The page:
I’ve been meaning to get into the Shakshuka groove ever since I had it for breakfast at Nopi in London, and on my trip to Israel, where this North African dish wowed me – and my taste buds – every morning. Although various versions abound, the most widely known Shakshuka involves eggs softly cooked in a hot skillet of spiced tomato sauce. I’ve had plenty of spicy foods in my life, but the complex seasoning in the sauces that I’ve tasted in the ones I had lingered with me for months afterward, and I had no choice but to make it at home. (Or move to London – or North Africa.)
Results tagged Nancy Silverton from David Lebovitz
As 2011 draws to a close, I look at the stack of books that I’ve collected on my bookshelf (and piled up on my floor…and beside my bed, and stacked in my kitchen…) and wonder how I’m going to cook and bake from them all. I just can’t help it, though—I love cookbooks. And these are the books that I couldn’t resist tackling in 2011, although a few are filled with bookmarks intended for future dinners and desserts, and blog posts. Some are traditional books bound with nice paper, filled with recipes, others are food-related books; memoirs and remembrances. And there are a few entries I’ve chosen that push the boundaries of traditional text, electronically and otherwise.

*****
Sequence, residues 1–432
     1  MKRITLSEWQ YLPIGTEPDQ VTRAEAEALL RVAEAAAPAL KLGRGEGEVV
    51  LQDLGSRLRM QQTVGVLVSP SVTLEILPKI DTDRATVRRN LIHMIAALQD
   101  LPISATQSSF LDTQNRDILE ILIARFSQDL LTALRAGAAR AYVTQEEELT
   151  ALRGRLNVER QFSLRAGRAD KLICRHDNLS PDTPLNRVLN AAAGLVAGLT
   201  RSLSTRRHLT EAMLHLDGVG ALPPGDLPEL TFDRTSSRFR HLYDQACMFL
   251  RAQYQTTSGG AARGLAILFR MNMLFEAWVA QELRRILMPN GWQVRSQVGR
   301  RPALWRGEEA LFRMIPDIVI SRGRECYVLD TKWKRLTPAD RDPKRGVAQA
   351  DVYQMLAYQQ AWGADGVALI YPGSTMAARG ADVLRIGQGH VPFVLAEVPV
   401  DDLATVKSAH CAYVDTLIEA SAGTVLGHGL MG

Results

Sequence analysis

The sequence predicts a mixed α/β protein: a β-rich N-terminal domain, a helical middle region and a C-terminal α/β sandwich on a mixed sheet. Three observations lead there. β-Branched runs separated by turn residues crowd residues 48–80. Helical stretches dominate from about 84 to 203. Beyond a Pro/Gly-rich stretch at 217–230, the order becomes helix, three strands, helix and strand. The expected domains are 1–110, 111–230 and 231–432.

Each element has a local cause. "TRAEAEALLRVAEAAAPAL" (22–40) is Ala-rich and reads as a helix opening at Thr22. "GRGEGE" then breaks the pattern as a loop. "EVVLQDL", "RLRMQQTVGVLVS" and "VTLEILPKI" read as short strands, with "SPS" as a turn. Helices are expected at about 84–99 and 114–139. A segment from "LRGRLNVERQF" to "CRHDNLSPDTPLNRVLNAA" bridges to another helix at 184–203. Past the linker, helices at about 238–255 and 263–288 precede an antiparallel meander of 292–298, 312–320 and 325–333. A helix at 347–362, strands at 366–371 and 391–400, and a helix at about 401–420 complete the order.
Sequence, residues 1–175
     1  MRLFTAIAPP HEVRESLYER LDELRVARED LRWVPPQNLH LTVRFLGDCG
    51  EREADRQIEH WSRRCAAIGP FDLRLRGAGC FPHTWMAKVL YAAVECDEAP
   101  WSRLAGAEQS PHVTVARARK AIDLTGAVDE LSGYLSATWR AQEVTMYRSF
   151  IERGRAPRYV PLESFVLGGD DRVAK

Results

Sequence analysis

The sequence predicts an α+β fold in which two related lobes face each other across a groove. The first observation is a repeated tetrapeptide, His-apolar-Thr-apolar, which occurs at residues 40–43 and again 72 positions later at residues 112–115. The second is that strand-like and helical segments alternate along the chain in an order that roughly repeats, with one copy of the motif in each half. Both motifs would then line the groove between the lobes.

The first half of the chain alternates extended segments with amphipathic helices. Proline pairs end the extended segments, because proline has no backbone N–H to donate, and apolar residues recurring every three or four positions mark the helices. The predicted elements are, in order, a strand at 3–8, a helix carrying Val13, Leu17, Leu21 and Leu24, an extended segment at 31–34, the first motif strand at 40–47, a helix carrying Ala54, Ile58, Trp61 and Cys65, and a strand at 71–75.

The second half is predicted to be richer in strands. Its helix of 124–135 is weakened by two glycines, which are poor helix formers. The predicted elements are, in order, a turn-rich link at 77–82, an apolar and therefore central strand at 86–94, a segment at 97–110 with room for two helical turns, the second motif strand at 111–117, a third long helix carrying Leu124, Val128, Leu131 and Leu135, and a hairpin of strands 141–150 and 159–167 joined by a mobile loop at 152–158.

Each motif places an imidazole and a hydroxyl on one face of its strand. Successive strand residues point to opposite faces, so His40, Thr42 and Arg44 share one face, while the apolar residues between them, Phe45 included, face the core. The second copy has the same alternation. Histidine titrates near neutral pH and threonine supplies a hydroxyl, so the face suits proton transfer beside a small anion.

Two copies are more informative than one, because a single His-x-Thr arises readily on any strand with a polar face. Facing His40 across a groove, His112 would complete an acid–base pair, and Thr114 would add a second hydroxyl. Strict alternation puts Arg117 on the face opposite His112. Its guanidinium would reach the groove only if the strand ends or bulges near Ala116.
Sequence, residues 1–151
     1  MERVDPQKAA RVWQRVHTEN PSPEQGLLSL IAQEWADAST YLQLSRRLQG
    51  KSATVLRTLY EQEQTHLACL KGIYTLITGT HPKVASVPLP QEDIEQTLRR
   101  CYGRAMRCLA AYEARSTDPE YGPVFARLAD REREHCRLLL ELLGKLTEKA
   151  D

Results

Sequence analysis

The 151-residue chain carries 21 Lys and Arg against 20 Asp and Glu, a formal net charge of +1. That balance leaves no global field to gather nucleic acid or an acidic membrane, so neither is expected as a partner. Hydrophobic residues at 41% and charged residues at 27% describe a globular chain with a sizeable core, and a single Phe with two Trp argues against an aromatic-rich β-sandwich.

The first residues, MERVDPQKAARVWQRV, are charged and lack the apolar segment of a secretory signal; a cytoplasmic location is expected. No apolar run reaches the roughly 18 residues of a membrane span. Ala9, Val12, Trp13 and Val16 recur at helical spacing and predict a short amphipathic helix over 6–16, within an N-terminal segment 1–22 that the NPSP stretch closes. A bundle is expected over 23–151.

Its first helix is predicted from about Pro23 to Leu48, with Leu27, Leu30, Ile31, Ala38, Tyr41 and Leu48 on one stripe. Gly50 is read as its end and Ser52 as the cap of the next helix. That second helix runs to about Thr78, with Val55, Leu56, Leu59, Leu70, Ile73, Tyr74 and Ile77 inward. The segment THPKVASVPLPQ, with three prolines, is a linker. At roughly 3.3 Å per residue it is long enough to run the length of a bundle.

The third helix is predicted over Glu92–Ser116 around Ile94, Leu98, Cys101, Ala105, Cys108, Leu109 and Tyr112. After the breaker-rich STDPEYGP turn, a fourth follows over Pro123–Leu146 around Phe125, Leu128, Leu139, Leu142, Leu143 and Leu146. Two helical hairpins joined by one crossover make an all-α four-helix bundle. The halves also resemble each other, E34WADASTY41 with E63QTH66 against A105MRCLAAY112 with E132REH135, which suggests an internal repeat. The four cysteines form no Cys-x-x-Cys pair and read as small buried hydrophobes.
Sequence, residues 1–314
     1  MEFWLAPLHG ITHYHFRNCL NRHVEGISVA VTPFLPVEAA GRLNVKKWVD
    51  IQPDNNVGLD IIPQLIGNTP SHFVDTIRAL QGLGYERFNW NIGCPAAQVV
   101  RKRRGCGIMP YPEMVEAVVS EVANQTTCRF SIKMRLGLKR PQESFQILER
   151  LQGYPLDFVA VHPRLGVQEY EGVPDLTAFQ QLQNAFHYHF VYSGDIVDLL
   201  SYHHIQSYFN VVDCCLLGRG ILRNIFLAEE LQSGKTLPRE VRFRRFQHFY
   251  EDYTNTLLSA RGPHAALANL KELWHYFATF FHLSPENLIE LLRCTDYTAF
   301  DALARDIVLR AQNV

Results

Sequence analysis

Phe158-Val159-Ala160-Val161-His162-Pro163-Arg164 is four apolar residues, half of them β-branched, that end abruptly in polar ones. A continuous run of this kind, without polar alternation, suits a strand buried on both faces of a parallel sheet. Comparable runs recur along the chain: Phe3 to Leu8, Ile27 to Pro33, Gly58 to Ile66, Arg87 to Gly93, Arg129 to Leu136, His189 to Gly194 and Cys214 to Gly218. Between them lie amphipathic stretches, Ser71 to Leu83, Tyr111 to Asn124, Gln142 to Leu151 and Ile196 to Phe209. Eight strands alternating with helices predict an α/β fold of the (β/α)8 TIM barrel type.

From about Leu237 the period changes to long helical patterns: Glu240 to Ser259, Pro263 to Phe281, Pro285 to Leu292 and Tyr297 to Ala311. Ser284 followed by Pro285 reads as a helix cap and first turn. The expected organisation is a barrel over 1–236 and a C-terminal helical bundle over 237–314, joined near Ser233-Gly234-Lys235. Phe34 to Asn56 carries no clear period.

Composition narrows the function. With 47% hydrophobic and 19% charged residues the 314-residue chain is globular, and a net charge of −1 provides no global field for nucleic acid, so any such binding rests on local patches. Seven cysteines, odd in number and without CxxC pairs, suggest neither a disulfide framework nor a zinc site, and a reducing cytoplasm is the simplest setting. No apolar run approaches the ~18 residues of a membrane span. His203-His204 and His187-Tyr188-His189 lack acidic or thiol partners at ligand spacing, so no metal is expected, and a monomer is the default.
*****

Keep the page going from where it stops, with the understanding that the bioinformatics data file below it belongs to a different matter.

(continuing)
This year, I found myself drawn to cookbooks with a story to tell, not just mere collections of recipes. Books with a distinct point of view by an author, and essays which took me beyond the page and into their lives, which veered in some rather compelling directions. A few of the books were chef’s memoirs, which I did include even though they don’t have recipes. But something about them added to the canon of cookery books I have and referenced cooking in ways I wasn’t expecting.
Because I live abroad and have limited storage space (and deliveries can be a challenge), I wasn’t able to procure all the books that I wanted to. But this year saw a big uptick in publishers – and readers – jumping onto the e-book bandwagon. While not everyone wants to cook from a computer screen, one advantage is that foreign cookbooks, or out-of-print titles, may have new lives and can downloaded anywhere in the world within seconds.
I don’t know if my grandmother loved to cook, but she was certainly good at it. Which was a good thing, because she sure loved to eat. When people tell me, “I don’t have time to cook. I have a job and two kids at home” I think of my grandmother, that had four kids, opened and ran a huge five-story furniture store which she worked in every day with her husband (who she told me was rather, um, “difficult”, amongst other things), and somehow managed to get dinner on the table every night. And this was before bagged salads, frozen broccoli, and electricity.
Okay, she did have electricity. But even if she didn’t, I still think she was pretty amazing—even though she had a mouth that would shock a longshoreman, and after she let some choice words slip, would always tell me, “Oh s&%t, don’t tell your mother I talk like this.”